Nature Is a Sculptor by Heather Ferranti Kinser

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It is hard to find a solid science picture book for read-aloud that has photographs as illustrations. Nature Is a Sculptor: Weathering and Erosion by Heather Ferranti Kinser (Milbrook Press, September 2023) is such a book. It features photography of geological wonders from around the world, paired with soft poetry that is nice to read-aloud. It not only gives examples of the power of wind, ice, and water within the photos but it also uses practical vocabulary in the readable sentences, thus teaching the geological concepts of weathering, erosion, and deposition.

Each photo is labeled with the name of the geological feature (“Delicate Arch”), and where it is found. Various typefaces and text size emphasize different parts of the sentences, emphasizing the important words and highlighting the titular phrase “Nature is a sculptor” every few pages. The book does not talk down to the child reader and the sentences seamlessly flow from one to the next. The rhymes are not forced but rather “soft” rhymes, so when words don’t actually rhyme, it still has the assonance of a rhyme. For example, extremes is rhymed with museums and moves with smooths. It makes for such a pleasant read-aloud!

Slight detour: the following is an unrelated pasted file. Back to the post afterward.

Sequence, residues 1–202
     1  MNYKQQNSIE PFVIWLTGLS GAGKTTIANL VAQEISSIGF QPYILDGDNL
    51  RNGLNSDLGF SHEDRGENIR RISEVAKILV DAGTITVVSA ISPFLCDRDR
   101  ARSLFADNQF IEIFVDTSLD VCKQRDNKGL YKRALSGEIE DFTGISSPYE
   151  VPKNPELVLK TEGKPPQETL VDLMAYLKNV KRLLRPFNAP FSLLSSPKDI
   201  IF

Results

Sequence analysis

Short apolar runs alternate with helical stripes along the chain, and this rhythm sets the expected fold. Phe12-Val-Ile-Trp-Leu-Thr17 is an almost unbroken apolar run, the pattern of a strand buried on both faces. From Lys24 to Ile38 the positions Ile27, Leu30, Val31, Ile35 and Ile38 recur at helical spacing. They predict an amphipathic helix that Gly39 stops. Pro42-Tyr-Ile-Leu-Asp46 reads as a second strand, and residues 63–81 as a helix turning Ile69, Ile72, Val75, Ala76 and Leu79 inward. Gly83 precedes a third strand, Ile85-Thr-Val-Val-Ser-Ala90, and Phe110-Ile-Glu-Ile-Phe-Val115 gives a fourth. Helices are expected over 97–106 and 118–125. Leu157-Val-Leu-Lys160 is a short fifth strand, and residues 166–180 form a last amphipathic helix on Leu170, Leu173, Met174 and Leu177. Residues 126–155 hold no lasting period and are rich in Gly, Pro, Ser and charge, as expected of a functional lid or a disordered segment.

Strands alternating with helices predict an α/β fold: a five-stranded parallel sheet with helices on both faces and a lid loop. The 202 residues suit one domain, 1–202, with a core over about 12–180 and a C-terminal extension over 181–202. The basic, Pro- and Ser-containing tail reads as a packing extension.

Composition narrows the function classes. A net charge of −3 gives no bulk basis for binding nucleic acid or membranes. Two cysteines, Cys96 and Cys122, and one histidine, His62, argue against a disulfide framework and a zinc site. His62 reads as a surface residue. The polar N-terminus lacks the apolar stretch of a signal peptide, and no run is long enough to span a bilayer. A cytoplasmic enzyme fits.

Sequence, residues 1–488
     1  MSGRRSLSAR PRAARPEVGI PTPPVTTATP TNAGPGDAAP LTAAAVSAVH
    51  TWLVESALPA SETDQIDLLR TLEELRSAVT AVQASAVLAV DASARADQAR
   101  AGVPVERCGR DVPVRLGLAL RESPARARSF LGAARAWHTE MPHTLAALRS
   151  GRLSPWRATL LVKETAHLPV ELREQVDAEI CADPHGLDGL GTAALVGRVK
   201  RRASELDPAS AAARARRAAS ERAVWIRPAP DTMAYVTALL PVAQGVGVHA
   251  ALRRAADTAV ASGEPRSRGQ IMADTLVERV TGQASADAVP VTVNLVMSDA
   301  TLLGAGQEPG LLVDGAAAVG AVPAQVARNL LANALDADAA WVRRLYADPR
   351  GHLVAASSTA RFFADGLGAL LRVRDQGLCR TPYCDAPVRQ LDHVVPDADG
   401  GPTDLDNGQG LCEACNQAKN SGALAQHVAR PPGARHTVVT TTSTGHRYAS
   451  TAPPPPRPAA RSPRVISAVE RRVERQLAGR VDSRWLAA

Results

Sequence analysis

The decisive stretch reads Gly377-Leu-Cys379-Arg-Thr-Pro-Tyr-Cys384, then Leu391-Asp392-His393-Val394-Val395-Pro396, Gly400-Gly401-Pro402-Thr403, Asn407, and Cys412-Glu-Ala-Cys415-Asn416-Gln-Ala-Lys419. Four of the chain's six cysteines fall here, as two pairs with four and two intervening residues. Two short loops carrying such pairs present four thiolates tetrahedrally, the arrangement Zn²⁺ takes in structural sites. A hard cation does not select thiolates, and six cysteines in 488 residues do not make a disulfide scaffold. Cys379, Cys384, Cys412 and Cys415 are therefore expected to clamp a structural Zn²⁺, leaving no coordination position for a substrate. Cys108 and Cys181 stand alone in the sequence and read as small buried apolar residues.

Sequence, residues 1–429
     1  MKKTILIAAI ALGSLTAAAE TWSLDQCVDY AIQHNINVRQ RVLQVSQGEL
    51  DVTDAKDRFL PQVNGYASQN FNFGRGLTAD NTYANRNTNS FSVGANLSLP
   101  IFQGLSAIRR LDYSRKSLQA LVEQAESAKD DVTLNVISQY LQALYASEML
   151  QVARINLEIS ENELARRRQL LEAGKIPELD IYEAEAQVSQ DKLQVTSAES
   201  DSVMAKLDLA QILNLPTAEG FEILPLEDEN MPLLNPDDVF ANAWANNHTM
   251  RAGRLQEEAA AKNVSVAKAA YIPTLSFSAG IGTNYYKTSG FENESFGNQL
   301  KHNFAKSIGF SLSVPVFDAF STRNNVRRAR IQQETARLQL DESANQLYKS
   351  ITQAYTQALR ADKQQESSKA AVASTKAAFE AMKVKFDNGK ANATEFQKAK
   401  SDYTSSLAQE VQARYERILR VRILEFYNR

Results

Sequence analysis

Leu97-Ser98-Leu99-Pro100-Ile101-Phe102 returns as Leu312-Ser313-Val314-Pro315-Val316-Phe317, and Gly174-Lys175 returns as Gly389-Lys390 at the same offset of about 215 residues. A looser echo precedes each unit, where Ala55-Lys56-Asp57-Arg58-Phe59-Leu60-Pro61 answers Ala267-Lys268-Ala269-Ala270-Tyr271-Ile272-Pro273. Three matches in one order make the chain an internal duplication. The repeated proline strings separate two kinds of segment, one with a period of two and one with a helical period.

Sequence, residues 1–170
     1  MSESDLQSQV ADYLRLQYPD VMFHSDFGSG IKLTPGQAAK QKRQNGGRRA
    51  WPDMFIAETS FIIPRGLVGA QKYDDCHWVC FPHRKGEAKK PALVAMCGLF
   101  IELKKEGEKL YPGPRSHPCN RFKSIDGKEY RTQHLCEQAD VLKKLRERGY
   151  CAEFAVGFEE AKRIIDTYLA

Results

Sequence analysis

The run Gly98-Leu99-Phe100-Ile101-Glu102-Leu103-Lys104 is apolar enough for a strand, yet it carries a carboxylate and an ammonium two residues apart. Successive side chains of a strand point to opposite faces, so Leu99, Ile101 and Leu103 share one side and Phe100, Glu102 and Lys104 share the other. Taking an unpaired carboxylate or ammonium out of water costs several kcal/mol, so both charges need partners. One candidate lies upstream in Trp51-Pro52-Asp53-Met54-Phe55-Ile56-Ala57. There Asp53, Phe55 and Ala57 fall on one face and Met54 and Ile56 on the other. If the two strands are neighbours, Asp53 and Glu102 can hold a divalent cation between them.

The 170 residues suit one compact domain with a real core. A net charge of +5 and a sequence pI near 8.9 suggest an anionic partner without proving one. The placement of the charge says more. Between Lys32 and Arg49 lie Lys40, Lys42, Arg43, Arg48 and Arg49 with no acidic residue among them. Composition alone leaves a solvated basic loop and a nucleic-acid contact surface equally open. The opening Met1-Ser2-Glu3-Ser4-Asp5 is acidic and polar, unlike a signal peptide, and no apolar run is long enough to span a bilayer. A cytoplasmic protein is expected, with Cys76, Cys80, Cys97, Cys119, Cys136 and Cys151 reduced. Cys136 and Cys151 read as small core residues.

As is often to be expected, end matter further clarifies each scientific term, the photos are explained, and a glossary supplements the rest of the text. Even without the end matter, however, a young child will certainly appreciate the stunning landscapes in the photos. They will stand in awe of the concept that nature was the sculptor of these unique features around the world.

I voluntarily read and reviewed an advance review copy of this book provided by the publisher via NetGalley. All thoughts and opinions are my own.

Reviewed on August 14, 2023

About the author 

Rebecca Reid

Rebecca Reid is a homeschooling, stay-at-home mother seeking to make the journey of life-long learning fun by reading lots of good books. Rebecca Reads provides reviews of children's literature she has enjoyed with her children; nonfiction that enhances understanding of educational philosophies, history and more; and classical literature that Rebecca enjoys reading.

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